A cogent argument can be made that rational partisan politics, pre- and post-elections, are necessary to prevent any one party from absolute rule. I believe the Founders did not advocate political parties although they soon formed despite the reservations: The Federalist Party coalesced around Alexander Hamilton; Thomas Jefferson and James Madison led the formation of the rival Republican Party, also known as the Democratic-Republican Party. The historical record clearly documents the vicious partisan and personal attacks that characterized some of our earliest national elections. Such attacks impede persons from working together in pursuit of unifying national goals. After all, compromises between persons with opposing political viewpoints often leads to implementation of effective policies benefiting the entire nation or at least a majority of our citizens. The opposing intransigence and refusal to compromise exemplifying most Republican and most Democratic nationally elected officials for the past eight years have not served this country well. This inflexibility and rejection of compromise have produced the current shouting matches and physical altercations at campaign events perpetrated by—hopefully—a small minority of partisans in each of the two major political parties.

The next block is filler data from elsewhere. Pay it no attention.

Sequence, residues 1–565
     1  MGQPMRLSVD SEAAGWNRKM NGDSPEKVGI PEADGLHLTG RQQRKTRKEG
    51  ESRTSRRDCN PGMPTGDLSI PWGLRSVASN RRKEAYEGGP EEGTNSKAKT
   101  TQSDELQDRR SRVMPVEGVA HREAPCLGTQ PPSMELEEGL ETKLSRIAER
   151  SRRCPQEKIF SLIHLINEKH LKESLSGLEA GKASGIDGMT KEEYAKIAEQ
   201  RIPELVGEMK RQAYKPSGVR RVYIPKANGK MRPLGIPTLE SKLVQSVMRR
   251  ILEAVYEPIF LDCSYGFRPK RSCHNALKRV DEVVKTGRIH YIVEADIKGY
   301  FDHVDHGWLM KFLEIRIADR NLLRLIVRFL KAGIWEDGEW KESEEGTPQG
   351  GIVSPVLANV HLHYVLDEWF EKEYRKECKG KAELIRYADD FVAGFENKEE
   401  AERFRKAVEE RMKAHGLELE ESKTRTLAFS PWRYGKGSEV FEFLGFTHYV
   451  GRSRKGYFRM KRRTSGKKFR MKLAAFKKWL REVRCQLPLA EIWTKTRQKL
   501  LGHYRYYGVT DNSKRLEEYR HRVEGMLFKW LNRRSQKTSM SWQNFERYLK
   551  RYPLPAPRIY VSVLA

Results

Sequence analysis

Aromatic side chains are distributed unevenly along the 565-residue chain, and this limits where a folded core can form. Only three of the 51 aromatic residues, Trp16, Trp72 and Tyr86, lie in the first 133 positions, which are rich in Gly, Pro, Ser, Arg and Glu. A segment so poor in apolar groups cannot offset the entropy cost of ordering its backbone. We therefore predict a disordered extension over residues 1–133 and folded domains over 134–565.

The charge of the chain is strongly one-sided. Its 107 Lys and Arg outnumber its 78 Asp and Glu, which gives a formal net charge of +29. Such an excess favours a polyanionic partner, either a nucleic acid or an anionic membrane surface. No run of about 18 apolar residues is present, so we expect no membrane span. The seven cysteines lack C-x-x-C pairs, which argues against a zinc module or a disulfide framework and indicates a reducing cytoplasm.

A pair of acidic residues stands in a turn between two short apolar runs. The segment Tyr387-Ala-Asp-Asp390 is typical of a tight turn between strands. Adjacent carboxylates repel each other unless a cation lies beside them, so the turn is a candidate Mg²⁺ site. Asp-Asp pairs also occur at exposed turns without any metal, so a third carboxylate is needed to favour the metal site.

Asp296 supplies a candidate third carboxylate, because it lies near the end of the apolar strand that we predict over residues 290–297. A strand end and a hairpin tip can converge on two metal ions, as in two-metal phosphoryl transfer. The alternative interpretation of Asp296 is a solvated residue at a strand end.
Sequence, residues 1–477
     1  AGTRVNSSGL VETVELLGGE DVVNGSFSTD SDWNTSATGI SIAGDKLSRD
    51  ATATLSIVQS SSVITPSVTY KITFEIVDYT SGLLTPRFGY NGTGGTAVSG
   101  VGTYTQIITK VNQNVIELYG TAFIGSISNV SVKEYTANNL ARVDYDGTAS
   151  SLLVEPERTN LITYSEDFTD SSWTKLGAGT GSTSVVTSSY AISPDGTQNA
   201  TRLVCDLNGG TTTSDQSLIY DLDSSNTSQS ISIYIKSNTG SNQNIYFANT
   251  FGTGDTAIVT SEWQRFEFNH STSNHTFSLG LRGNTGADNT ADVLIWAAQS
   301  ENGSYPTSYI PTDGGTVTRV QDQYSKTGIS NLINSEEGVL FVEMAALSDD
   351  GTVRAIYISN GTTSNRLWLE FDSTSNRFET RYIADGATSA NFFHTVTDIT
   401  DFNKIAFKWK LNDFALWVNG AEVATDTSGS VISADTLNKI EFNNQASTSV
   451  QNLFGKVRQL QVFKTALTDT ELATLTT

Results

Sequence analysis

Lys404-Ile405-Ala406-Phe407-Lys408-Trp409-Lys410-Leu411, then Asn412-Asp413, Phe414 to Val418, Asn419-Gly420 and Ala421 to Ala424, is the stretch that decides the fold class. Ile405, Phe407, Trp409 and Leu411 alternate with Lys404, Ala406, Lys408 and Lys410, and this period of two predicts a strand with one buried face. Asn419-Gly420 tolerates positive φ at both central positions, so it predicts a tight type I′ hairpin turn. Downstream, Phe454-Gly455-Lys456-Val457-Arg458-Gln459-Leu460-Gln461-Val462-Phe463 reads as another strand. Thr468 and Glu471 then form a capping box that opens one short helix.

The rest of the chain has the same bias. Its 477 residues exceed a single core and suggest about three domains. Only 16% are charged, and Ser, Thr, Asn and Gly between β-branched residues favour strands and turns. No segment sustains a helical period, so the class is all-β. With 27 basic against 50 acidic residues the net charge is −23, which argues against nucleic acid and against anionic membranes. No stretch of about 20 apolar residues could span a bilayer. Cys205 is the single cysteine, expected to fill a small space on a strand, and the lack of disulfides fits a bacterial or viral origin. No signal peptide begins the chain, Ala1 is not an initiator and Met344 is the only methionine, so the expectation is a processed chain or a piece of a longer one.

Ad Hominem Attacks
One principle that has remained with me from my undergraduate course in philosophy is the caution against engaging in ad hominem attacks—attacking the person rather than the person’s positions or ideas. Typically, an ad hominem attack signifies a week intellectual or logical position. Our present POTUS campaign, however, may illustrate some value to ad hominem attacks. Two instances, among many, come to mind: (1) Failure to disclose the texts of highly paid speeches delivered to large and important financial companies and (2) Failure to disclose income tax returns for the current year. I can easily argue that failure of full disclosure on these topics reflects personal shortcomings of integrity that raise questions about the suitability of a candidate for POTUS. What we do to “earn” money and how we spend our money often reveal the true nature of our characters.
Ordinarily, however, ad hominem attacks distort arguments about policy except in certain instances. For example, an attack on the integrity of a candidate based upon documented past events and words can be a valuable tool for determining the validity of the candidate’s proposed policies: A candidate may propose a policy prior to an election but we can wonder, based upon the past, if the candidate sincerely means to carry out that policy if elected.